Holy moly, I did not expect the response from my last post on whether or not military families are considered expats. I liked hearing from everyone, especially since the commentators came from various walks of life. Honestly, after I read the original post I felt a kinda sad, wondering if there was secretly a feeling that I somehow didn't belong among expat bloggers or that I wasn't welcome in the community. Luckily your comments showed me otherwise and I'm thankful. I don't think the original post set out to be exclusionary, but nevertheless, it's hard not to jump to that conclusion.
It seems like this debate has a lot of people riled up. But when I was thinking about it last night, I think my biggest problem with the whole thing (and probably a lot of other people's too) is that I felt marginalized. Typecast. Stereotyped. The problem is that people think they "know" who the average military family is, and they judge them based on that. During the expat/fakepat debate I read a lot of "I don't know anything about the military/know any military families, BUT... (insert totally wrong assumption here)" kind of comments. Especially now that I live in a town with a big military presence, I've heard a lot of "Well, you military wives..." or "You Army people..." lately and it's startin' to grind my gears.
Nope, not my name. Even if it is sparkly...
So I'm stepping outside the expat/fakepat debate and switching gears to what I think is a bigger issue for me personally.
"Army Wife" is NOT the essence of my identity.
I come from a military family that has served for generations. Air Force, Army, Navy...there's a little bit of everything. I married a soldier despite multiple youthful protestations that I'd "never fall for an Army guy!" I've unstuck my clothes from velcro uniform pockets more times than I can count. I've followed my man around the world, given up personal opportunities, and "embraced the suck" that comes with the military lifestyle.
But through all that, I am still Shannon. There are various Army Wife stereotypes, ranging from perfectly polished, snooty Martha Stewart types running FRGs and organizing bazaars to overweight, complaining tag chasers shuffling around the PX in house slippers. Do those women exist? Yes, I'm sure that somewhere in the world, they do. But getting my ID card didn't mean I suddenly morphed into them or any other stereotype.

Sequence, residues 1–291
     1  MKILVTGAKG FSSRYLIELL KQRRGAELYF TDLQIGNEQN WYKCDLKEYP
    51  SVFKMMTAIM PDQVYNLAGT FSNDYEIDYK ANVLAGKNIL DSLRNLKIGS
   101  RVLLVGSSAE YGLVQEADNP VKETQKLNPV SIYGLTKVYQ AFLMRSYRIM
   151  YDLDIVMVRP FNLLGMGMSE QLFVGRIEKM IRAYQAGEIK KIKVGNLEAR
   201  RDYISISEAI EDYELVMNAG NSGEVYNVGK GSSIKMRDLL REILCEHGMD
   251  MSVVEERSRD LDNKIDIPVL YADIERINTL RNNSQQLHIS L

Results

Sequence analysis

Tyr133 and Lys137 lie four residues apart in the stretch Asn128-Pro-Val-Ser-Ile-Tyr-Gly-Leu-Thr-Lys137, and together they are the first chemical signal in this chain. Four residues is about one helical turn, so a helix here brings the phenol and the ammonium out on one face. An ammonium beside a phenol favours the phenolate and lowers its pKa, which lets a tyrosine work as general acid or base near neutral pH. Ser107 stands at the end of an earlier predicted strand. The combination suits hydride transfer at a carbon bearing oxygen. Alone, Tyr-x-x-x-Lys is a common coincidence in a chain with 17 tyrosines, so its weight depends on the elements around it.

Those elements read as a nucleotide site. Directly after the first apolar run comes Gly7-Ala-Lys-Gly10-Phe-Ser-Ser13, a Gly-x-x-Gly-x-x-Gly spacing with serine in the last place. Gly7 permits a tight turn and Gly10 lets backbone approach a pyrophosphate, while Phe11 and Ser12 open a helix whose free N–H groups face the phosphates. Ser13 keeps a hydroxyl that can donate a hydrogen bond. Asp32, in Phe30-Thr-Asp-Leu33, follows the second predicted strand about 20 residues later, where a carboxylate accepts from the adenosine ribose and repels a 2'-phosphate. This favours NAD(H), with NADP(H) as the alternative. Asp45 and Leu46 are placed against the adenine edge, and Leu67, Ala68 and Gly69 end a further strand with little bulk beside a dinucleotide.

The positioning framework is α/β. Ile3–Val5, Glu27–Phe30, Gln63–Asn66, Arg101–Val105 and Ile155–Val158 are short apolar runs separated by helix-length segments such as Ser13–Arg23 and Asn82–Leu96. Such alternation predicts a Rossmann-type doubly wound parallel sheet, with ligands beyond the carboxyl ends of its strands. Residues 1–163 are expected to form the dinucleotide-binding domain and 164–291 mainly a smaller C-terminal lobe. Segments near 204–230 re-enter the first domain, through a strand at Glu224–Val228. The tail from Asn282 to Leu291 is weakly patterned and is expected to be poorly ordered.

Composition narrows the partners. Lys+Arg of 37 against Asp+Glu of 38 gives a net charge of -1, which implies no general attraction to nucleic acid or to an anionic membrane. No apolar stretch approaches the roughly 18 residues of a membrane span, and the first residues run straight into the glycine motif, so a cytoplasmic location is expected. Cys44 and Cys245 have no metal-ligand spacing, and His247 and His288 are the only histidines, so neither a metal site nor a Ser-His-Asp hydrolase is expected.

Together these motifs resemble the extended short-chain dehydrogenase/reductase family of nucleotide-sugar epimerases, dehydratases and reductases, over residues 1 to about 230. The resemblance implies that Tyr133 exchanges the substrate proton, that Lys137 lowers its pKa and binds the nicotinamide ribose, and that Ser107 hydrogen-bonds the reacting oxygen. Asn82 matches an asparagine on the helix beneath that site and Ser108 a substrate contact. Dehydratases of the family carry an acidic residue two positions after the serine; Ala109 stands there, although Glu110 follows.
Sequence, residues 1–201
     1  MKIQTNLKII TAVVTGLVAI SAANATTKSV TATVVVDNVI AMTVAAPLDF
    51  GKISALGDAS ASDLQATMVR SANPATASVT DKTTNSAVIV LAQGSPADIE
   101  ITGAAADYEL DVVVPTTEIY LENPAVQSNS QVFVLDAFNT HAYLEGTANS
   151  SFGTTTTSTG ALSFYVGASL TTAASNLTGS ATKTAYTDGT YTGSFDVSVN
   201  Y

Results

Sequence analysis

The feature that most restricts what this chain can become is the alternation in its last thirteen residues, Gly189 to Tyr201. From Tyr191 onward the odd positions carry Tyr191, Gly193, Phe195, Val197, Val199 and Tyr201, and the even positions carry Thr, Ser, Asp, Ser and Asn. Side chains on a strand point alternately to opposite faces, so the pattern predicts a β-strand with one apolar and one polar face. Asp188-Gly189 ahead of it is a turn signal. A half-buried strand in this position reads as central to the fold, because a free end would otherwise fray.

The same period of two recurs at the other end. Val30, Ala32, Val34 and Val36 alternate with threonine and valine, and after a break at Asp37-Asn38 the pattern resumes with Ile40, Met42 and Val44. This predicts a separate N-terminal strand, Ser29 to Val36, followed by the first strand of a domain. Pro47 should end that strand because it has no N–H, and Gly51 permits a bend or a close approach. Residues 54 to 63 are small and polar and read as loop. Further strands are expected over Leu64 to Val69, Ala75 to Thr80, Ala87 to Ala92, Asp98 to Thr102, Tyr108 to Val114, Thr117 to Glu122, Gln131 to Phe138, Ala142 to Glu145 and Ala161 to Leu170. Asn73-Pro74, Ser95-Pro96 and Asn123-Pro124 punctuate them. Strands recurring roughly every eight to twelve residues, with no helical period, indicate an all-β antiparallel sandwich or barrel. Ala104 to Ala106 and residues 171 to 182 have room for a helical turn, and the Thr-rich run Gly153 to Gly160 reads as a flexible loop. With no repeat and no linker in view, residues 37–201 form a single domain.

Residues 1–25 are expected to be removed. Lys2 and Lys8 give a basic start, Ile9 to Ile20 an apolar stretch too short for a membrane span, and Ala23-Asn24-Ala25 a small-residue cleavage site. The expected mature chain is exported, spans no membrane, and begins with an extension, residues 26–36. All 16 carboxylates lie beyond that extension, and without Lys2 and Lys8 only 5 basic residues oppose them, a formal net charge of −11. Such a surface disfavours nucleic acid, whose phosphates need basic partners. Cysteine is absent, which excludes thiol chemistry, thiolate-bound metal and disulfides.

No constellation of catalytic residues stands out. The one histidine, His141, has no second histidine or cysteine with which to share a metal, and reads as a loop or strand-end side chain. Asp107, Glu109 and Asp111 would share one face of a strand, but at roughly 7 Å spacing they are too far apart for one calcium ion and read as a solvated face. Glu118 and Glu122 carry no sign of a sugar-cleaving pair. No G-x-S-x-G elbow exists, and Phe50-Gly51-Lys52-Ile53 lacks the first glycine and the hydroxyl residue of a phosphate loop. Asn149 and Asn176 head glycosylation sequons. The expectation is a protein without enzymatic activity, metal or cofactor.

During our time at our first duty station, I met a lot of amazing women, and I learned very quickly not to judge a book by its cover. The beautiful housewife with 5 kids would switch subjects from potty training to stories from her days at West Point or as a Company Commander in Iraq whose convoy was struck by an IED. Another wife was a former Miss America contestant and published author. I met women who had been everything from police officers to chemical engineers to helicopter pilots to physician's assistants before following their husband on his Army adventure, and plenty more who had big dreams they were working on for themselves.
Until you meet these people, it can be easy to judge them. You can dismiss them as housewives or "dependents" and you can marginalize their abilities and experiences. But every person is different. Your individual duty station affords you different opportunities (travel, schooling, volunteering, jobs). Some people rise to the challenge of military life and manage to thrive, others crash and burn. You make the best of whatever you have to work with.
People are unique in their abilities, experiences, and circumstances and there is no "one size fits all".
You can make all kinds of assumptions based on stereotypes. You can assume military spouses are cheaters, or can't be feminists, or have tons of kids, or live in cloistered ignorance when they move abroad, or assume you know how the military operates based on anecdotes and the occasional movie. Military spouses get riled up because for the majority of us, this is NOT an accurate representation and it's not cool to act like it's fact. Even if you have some experience with the military, it is just too dang big and varied to act like your experience is the end all be all for every military experience ever.
Look, my name is Shannon, not "Fionn's wife". The Army is Fionn's job, and while I support him and am proud of the work he does, his job has no bearing on my personality, my goals, or the kind of person I choose to be. Yeah, the Army has a stranglehold on my life and its direction (since it pays our bills and tells us where we'll live), but it does not define me or how I live my life. Who I am and what I do doesn't begin and end with a job that isn't even mine.
Basically what I'm saying is, don't assume. Just because an Army Wife won't learn German and orders in English at the McDonalds in Munich doesn't mean we all do. Just because your cousin's friend's boss's brother's wife cheated on him while he was deployed doesn't mean we all will. Just because you know an Army Wife who acts crazy doesn't mean we're all crazy. Just because someone had a great time being stationed at Ft Wherever doesn't mean that we'll love being stationed there, or that we'll hate it either.
We're not a homogeneous entity. I'm the wife of a service member. No personality traits come with that title, just an ID card and a whole bunch of dirty camo uniforms in my laundry room.
So let's just give everyone a chance to be who they are, not who we assume them to be!
Alright, now it's your turn! Do you struggle with stereotypes in your life? Do they make you wanna sing that Janet Jackson song?
Points to whoever can finish that line! ;)